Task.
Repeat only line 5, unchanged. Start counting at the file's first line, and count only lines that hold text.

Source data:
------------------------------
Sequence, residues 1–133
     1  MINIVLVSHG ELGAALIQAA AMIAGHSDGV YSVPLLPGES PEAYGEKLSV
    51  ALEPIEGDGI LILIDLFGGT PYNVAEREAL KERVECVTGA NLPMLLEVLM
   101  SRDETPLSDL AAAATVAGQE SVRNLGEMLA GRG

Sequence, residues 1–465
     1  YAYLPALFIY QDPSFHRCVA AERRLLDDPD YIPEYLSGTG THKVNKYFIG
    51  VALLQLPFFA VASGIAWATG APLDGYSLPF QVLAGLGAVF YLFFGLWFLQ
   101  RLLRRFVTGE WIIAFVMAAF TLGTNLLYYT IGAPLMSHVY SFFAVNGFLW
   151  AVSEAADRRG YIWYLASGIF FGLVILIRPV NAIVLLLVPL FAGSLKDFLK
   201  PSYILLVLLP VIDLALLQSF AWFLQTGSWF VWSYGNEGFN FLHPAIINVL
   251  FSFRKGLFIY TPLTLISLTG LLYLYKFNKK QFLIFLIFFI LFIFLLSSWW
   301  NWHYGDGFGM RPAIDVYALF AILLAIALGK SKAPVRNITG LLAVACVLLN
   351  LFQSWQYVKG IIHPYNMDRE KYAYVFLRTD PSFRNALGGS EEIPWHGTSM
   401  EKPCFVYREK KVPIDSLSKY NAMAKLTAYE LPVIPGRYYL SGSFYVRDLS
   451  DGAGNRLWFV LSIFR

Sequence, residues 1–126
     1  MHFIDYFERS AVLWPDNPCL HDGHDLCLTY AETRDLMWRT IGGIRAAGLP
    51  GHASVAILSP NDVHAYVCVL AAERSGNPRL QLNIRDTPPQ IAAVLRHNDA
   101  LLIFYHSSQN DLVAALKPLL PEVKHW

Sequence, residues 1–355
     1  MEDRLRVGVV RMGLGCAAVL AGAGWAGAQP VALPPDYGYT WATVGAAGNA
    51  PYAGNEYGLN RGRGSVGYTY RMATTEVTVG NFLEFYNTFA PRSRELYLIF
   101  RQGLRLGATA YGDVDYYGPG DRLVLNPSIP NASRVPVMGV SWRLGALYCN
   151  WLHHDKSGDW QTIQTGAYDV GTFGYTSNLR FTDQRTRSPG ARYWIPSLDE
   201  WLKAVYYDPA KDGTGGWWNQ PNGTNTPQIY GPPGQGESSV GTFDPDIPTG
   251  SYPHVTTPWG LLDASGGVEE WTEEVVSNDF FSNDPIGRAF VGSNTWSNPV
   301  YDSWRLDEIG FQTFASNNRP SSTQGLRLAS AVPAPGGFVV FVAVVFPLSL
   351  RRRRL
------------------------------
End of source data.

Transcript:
Sequence, residues 1–465